15. Fenchel S, Grab D, Nuessle K, et al. Asymptomatic adnexal masses: Correlation of FDG PET and histopathologic findings. Radiology. 2002;223(3):780–788.

16. Castellucci P, Perrone AM, Picchio M, et al. Diagnostic accuracy of 18F-FDG PET/CT in characterizing ovarian lesions and staging ovarian cancer: Correlation with transvaginal ultrasonography, computed tomography, and histology. Nucl Med Commun. 2007;28(8):589–595.

17. Risum S, Høgdall C, Loft A, et al. The diagnostic value of PET/CT for primary ovarian cancer—a prospective study. Gynecol Oncol. 2007;105(1):145–149.

18. Yamamoto Y, Oguri H, Yamada R, et al. Preoperative evaluation of pelvic masses with combined 18F-fluorodeoxyglucose positron emission tomography and computed tomography. Int J Gynaecol Obstet. 2008;102(2):124–127.

19. Nam EJ, Yun MJ, Oh YT, et al. Diagnosis and staging of primary ovarian cancer: Correlation between PET/CT, Doppler US, and CT or MRI. Gynecol Oncol. 2010; 116(3):389–394.

20. Benedet JL, Bender H, Jones H 3rd, et al. FIGO staging classifications and clinical practice guidelines in the management of gynecologic cancers. FIGO Committee on Gynecologic Oncology. Int J Gynaecol Obstet. 2000;70(2): 209–262.

21. Omura GA, Brady MF, Homesley HD, et al. Long-term follow-up and prognostic factor analysis in advanced ovarian carcinoma: The Gynecologic Oncology Group experience. J Clin Oncol. 1991;9(7):1138–1150.

22. Bristow RE, Tomacruz RS, Armstrong DK, et al. Survival effect of maximal cytoreductive surgery for advanced ovarian carcinoma during the platinum era: A meta-analysis. J Clin Oncol. 2002;20(5):1248–1259.

23. Forstner R. Radiological staging of ovarian cancer: Imaging findings and contribution of CT and MRI. Eur Radiol. 2007;17(12):3223–3235.

24. Yoshida Y, Kurokawa T, Kawahara K, et al. Incremental benefits of FDG positron emission tomography over CT alone for the preoperative staging of ovarian cancer. AJR Am J Roentgenol. 2004;182(1):227–233.

25. Kitajima K, Murakami K, Yamasaki E, et al. Diagnostic accuracy of integrated FDG-PET/contrast-enhanced CT in staging ovarian cancer: Comparison with enhanced CT. Eur J Nucl Med Mol Imaging. 2008;35(10):1912–1920.

26. Risum S, Høgdall C, Loft A, et al. Does the use of diagnostic PET/CT cause stage migration in patients with primary advanced ovarian cancer? Gynecol Oncol. 2010;116(3):395–398.

27. Chung HH, Kwon HW, Kang KW, et al. Preoperative [F]FDG PET/CT predicts recurrence in patients with epithelial ovarian cancer. J Gynecol Oncol. 2012; 23(1):28–34.

28. Nakamura K, Hongo A, Kodama J, et al. The pretreatment of maximum standardized uptake values (SUVmax) of the primary tumor is predictor for poor prognosis for patients with epithelial ovarian cancer. Acta Med Okayama. 2012;66(1):53–60.

29. Risum S, Loft A, Høgdall C, et al. Standardized FDG uptake as a prognostic variable and as a predictor of incomplete cytoreduction in primary advanced ovarian cancer. Acta Oncol. 2011;50(3):415–419.

30. Bristow RE. Surgical standards in the management of ovarian cancer. Curr Opin Oncol. 2000;12(5):474–480.

31. NCCN Clinical Practice Guidelines in Oncology. National Comprehensive Cancer Network. http://www.nccn.org/professionals/physician_gls/pdf/ovarian.pdf.

32. Santillan A, Garg R, Zahurak ML, et al. Risk of epithelial ovarian cancer recurrence in patients with rising serum CA-125 levels within the normal range. J Clin Oncol. 2005;23(36):9338–9343.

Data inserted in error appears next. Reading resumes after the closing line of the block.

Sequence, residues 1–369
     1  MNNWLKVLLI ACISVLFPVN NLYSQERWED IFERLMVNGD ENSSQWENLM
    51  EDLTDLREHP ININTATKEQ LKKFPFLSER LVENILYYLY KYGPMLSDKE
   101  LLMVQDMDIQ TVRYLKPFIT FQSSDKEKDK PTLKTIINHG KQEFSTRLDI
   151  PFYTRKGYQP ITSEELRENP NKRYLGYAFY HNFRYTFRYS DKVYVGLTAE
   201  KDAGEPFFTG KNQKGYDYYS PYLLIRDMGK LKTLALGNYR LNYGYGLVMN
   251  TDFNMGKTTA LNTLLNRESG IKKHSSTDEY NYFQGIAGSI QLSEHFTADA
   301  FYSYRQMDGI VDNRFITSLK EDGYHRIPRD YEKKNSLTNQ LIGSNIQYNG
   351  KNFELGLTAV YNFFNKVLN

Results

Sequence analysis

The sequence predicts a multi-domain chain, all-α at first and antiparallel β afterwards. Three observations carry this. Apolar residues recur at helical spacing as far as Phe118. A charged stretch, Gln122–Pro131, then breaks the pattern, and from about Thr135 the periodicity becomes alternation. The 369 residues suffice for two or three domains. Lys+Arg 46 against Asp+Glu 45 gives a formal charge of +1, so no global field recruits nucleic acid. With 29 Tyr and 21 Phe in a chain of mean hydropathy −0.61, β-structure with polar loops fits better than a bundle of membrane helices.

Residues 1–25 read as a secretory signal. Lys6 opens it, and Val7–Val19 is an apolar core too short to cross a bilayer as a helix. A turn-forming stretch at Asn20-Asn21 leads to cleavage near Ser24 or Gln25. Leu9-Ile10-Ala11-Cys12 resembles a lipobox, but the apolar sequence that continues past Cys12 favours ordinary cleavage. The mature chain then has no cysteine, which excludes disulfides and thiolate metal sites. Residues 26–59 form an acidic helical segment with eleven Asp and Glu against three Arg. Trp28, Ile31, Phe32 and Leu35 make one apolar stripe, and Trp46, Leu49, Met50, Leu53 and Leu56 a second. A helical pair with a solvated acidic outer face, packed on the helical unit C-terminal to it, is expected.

33. Potter ME, Moradi M, To AC, et al. Value of serum 125Ca levels: Does the result preclude second look? Gynecol Oncol. 1989;33(2):201–203.

34. Sohaib SA, Reznek RH. MR imaging in ovarian cancer. Cancer Imaging. 2007; 7(Spec No A):S119–S129.

35. Tempany CM, Zou KH, Silverman SG, et al. Staging of advanced ovarian cancer: Comparison of imaging modalities–report from the Radiological Diagnostic Oncology Group. Radiology. 2000;215(3):761–767.

36. Qayyum A, Coakley FV, Westphalen AC, et al. Role of CT and MR imaging in predicting optimal cytoreduction of newly diagnosed primary epithelial ovarian cancer. Gynecol Oncol. 2005;96(2):301–306.

37. Kim HJ, Kim JK, Cho KS. CT features of serous surface papillary carcinoma of the ovary. AJR Am J Roentgenol. 2004;183(6):1721–1724.

38. Hauth EA, Antoch G, Stattaus J, et al. Evaluation of integrated whole-body PET/CT in the detection of recurrent ovarian cancer. Eur J Radiol. 2005;56(2):263–268.

39. Chung HH, Kang WJ, Kim JW, et al. Role of [18F]FDG PET/CT in the assessment of suspected recurrent ovarian cancer: Correlation with clinical or histological findings. Eur J Nucl Med Mol Imaging. 2007;34(4):480–486.

40. Thrall MM, DeLoia JA, Gallion H, et al. Clinical use of combined positron emission tomography and computed tomography (FDG-PET/CT) in recurrent ovarian cancer. Gynecol Oncol. 2007;105(1):17–22.

41. Sebastian S, Lee SI, Horowitz NS, et al. PET-CT vs. CT alone in ovarian cancer recurrence. Abdom Imaging. 2008;33(1):112–118.

42. García-Velloso MJ, Jurado M, Ceamanos C, et al. Diagnostic accuracy of FDG PET in the follow-up of platinum-sensitive epithelial ovarian carcinoma. Eur J Nucl Med Mol Imaging. 2007;34(9):1396–1405.

43. Bilici A, Ustaalioglu BB, Seker M, et al. Clinical value of FDG PET/CT in the diagnosis of suspected recurrent ovarian cancer: Is there an impact of FDG PET/CT on patient management? Eur J Nucl Med Mol Imaging. 2010;37(7):1259–1269.

44. Bristow RE, Carmen del MG, Pannu HK, et al. Clinically occult recurrent ovarian cancer: Patient selection for secondary cytoreductive surgery using combined PET/CT. Gynecol Oncol. 2003;90(3):519–528.

45. Sironi S, Messa C, Mangili G, et al. Integrated FDG PET/CT in patients with persistent ovarian cancer: Correlation with histologic findings. Radiology. 2004; 233(2):433–440.